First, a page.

Bits and Pieces

When you start attending orthodontic appointments to discuss braces or have them fitted, you will soon hear lots of words and jargon that you may not understand. First of all, if you are unsure what you are being told, ask question. Or you can always refer to the list below which gives definitions of some of the most common pieces of equipment used in fitting braces and some of the orthodontic jargon you may hear discussed.


  • Brackets can be made of metal or ceramic and are the pieces that are actually fixed to your teeth with cement while bands are metal rings that fit around the teeth. They are stronger than brackets so are usually put on your back teeth which have to do more chewing.
  • Debonding and debanding are terms you’ll probably enjoy hearing, as they mean the removal of the brackets and bands from your teeth.
  • The archwire is the piece of metal that fits through the brackets and bands and does all the hard work and is fitted to the brackets using elastics or small rubber bands. It is replaced on a regular basis to make sure your teeth continue to move.
  • Lingual or labial refer to where the braces are going to be placed; lingual at the rear next to the tongue and labial at the front next to the lips.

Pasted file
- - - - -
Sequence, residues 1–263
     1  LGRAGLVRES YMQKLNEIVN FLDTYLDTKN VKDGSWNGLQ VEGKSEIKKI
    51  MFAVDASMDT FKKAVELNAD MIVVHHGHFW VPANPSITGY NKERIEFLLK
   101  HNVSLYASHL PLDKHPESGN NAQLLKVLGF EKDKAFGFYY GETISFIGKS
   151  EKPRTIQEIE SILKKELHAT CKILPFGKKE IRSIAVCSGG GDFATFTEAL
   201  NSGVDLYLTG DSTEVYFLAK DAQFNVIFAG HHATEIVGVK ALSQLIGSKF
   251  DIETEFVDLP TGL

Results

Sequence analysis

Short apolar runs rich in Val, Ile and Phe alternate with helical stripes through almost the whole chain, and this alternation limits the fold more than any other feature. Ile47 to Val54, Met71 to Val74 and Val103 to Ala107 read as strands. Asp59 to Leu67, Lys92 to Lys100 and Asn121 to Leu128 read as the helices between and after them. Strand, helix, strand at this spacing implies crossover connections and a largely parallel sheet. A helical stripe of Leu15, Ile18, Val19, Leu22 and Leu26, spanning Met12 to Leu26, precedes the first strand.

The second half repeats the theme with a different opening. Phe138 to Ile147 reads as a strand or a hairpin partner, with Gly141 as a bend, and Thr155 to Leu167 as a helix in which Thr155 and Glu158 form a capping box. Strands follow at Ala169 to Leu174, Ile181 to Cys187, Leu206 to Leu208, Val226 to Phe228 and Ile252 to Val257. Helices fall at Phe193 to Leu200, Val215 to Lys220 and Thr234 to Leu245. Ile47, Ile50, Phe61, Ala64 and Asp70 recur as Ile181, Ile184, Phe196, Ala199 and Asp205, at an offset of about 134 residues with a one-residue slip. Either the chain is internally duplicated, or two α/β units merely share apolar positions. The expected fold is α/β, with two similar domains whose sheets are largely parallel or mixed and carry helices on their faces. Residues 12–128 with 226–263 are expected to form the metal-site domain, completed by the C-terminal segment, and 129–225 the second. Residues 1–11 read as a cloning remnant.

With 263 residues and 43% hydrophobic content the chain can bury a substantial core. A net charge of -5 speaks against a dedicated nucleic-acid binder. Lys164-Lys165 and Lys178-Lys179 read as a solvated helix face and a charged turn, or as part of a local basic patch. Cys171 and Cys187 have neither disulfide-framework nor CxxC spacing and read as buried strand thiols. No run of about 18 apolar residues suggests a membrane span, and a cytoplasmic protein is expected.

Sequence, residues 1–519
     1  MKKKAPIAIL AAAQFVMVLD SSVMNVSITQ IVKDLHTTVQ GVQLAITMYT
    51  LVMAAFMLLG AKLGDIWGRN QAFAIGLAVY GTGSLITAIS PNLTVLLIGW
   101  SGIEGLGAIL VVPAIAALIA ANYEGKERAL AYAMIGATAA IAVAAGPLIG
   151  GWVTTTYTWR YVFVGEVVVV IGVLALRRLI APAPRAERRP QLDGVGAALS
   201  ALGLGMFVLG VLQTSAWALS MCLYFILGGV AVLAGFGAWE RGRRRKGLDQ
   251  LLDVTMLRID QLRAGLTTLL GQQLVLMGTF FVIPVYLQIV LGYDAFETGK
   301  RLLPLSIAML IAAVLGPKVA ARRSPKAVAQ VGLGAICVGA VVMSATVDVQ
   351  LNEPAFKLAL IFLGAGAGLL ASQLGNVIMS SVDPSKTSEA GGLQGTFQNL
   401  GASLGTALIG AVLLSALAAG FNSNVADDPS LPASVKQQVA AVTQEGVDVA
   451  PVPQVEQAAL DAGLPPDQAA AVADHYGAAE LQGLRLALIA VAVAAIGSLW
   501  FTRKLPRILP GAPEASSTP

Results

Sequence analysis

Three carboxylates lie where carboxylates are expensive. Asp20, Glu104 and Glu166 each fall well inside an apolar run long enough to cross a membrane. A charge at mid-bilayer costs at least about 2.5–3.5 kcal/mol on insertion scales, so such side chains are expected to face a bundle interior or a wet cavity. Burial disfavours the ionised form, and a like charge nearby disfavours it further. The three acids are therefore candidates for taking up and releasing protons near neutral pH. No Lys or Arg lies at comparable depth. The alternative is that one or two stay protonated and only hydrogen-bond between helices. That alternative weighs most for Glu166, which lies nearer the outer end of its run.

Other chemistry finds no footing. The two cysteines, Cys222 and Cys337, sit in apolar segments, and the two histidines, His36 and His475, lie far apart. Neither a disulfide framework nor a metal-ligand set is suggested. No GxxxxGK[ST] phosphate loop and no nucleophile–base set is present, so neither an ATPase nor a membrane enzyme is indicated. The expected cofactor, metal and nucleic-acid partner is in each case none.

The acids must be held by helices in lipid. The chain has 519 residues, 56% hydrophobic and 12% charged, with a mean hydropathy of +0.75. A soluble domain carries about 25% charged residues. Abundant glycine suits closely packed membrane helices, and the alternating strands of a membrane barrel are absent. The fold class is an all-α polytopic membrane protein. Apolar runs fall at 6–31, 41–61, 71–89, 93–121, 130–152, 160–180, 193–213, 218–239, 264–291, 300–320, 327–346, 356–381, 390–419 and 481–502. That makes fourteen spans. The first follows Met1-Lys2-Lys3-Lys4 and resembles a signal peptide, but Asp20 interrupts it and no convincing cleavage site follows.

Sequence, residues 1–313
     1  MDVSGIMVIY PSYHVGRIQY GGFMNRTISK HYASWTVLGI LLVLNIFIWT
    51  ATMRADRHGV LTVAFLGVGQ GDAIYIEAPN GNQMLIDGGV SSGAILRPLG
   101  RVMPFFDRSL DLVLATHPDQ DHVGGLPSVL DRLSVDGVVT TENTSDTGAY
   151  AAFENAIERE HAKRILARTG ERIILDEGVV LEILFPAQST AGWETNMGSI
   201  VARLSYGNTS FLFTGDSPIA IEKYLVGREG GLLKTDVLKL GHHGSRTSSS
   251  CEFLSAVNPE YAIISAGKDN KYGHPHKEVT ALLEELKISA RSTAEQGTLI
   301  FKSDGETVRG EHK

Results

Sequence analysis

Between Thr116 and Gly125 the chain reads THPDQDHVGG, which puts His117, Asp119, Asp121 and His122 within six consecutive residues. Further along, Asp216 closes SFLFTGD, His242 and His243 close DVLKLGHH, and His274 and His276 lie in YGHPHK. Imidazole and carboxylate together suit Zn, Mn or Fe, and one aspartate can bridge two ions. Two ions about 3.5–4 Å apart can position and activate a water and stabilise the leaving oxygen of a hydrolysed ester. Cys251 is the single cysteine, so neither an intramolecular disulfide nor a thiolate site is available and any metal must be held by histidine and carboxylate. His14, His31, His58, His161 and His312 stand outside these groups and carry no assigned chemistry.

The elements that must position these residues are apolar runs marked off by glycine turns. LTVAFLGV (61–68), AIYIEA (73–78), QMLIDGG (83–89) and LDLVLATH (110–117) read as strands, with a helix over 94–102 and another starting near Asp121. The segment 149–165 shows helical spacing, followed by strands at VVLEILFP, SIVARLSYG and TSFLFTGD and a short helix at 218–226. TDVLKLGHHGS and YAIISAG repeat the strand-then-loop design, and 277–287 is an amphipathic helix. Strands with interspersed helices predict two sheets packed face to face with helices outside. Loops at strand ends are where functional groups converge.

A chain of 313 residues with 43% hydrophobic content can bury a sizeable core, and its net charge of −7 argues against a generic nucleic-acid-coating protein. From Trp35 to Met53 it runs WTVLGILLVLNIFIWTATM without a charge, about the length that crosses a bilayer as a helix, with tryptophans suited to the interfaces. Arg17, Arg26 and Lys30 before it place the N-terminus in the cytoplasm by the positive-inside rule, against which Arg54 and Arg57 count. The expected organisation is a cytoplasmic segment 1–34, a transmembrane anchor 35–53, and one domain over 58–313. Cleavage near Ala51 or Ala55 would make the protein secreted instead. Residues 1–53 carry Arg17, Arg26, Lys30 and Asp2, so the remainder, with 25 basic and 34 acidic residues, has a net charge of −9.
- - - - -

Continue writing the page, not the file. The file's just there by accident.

• Retainers can be removable or fixed and are the final part of your treatment, worn to prevent relapse – the return of your teeth to their original position.


  • Most orthodontists are good at explaining procedures to patients in terms they will understand, but you may occasionally hear a word you don’t understand. Some of the most common jargon associated with braces follows:
  • Class 2 or Class 3 refers to the position of your teeth, the former being more commonly known as an “overbite” and the latter as an “underbite”.
  • Malocclusion simply means a bad bite; that your teeth are somehow out of position. You may need to undergo other treatment prior to having your braces fitted, such as interproximal reduction or an extraction. The first is a process whereby teeth are thinned down by removing a thin layer of enamel, to allow bands to fit easier.
  • Extraction is the technical term for having a tooth removed.
  • Ligature may sound more like something out of a medical drama, but it is just the scientific name for the elastics, another name for the rubber band used to fix the archwire to the brackets and bands.